BOISE, Idaho — Margo Cilker’s songs take listeners to some of the West’s most forgotten places: from Highway 99 through the California countryside in the south to Tehachapi Pass in the north and Jordan Valley, Ore.
“I took a room in the old Basque hotel, it was like a kind of prayer when the eyelids fell,” explain the lyrics of That River, the first track from his first full album. Pohoryl.
The lack of live concerts over the past two years has been especially difficult for up-and-coming musicians from small towns and villages like Cilker. But in the end, it may have evened the playing field.
“I was one of the lucky ones to come out of the pandemic with more opportunities in the industry,” says Cilker.
Originally from the Bay Area suburb of California, Cilker spent most of her fledgling career in the rural northwest, from remote eastern Oregon to eastern Washington, where her husband works as a clerk. ranch.
During the closings, Cilker did odd jobs around the ranch and sometimes performed live for cowboys and vets. And she wrote a lot. Everyone was distant and virtual and his rural life figured heavily in his music. This seems to have given his career a boost.
“So many people are concentrated in the big cities, and it shows in their writing,” Cilker says. “It becomes seamless in and of itself. I never felt like I could move to Nashville or Los Angeles or New York. None of that would feed my art.”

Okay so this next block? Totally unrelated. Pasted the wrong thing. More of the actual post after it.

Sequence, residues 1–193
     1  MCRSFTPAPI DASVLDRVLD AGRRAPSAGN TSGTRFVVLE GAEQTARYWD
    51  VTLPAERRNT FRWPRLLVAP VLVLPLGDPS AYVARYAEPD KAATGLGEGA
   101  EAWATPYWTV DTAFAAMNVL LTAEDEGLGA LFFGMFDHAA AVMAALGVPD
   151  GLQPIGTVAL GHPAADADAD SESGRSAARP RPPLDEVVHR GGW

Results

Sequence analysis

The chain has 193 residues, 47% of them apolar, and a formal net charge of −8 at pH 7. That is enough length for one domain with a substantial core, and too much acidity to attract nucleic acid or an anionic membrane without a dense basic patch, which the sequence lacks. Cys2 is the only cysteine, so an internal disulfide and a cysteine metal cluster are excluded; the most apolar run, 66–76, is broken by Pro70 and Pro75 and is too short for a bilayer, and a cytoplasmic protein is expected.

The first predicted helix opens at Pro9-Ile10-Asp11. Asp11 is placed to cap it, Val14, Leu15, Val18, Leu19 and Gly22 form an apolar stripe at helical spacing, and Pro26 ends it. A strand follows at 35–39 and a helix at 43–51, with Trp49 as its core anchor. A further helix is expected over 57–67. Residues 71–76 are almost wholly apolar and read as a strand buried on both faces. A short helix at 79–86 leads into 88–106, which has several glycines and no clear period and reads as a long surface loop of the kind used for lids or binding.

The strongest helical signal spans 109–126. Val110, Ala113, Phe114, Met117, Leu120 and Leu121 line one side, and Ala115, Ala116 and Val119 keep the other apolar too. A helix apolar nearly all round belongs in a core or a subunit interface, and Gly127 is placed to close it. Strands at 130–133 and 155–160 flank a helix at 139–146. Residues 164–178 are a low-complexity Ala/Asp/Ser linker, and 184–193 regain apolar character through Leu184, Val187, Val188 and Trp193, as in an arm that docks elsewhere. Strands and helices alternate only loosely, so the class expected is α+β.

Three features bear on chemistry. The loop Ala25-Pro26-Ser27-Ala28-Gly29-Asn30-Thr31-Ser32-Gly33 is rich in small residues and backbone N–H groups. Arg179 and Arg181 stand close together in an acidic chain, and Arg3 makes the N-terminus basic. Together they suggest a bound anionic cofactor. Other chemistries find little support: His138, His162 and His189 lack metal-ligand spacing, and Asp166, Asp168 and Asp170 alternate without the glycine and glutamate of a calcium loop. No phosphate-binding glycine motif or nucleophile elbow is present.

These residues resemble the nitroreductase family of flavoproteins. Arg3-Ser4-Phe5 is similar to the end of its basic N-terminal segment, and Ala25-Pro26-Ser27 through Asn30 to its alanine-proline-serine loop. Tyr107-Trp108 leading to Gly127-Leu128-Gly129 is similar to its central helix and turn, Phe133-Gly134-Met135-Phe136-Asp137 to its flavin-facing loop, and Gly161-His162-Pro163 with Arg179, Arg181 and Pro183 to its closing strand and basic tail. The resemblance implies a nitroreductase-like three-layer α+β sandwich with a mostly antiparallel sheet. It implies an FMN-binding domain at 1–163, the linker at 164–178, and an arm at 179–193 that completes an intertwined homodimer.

And even though she doesn’t live in those traditional music homes, she still gets noticed. Seattle indie rocker Will Cahoone is helping produce his second LP, due out later this year. This summer, Cilker also landed a lucrative gig on tour with Texas singer-songwriter Hays Carll..
Country rocker Cilker appears to be part of a small but growing trend of musicians realizing they can stay where they are and make it through the pandemic. And in some cases, some are even leaving cities for smaller towns, according to Sean Lynch, who manages two indie rock bands and a club in Billings, Montana.
“The consumer at that point has everything they want at their disposal,” Lynch told NPR. “If it’s good, it’s good. It doesn’t matter if it’s from Billings, Montana, or New York. If it’s good, people are going to listen to it.”
Touring and live shows are essential to making money right now for any band or singer, and this has especially been the case coming out of the pandemic. Lynch advises his fledgling artists that it’s much harder to make money and afford to go on tour today if they live in Nashville or Los Angeles due to high rents.
During her tour – her schedule has recently resumed in earnest – Margo Cilker has given a lot of thought to how her art can dispel stereotypes about rural life. Interviewed on stage at Treefort Music Festival in Boise in March, she said she often sees more women working on cattle branding crews than in music festival lineups.
Cilker sees herself and her music as straddling the line, moving through the two worlds of a divided America.
“I’ll see something and think that’s why people hate liberals,” she laughs. “And then I’ll see something ridiculous on the other end of the spectrum, and it’s like, of course, that’s why everyone’s flocking to big cities.”
Among the crowd favorites at the Boise festival was a song inspired by the Oregon Poet Laureate’s work titled Barbed Wire (Belly Crawling).
“There’s a farmer we know, who walks into the tavern, where the bright lights grab the spirit,” she sings. “The band gets an encore, the farmer a good dose, and we’re all getting closer this time.”
Although her career appears to be on the rise, Cilker hasn’t lost sight of her rural influences, as she attempts to bridge the country’s growing rural-urban divide through song.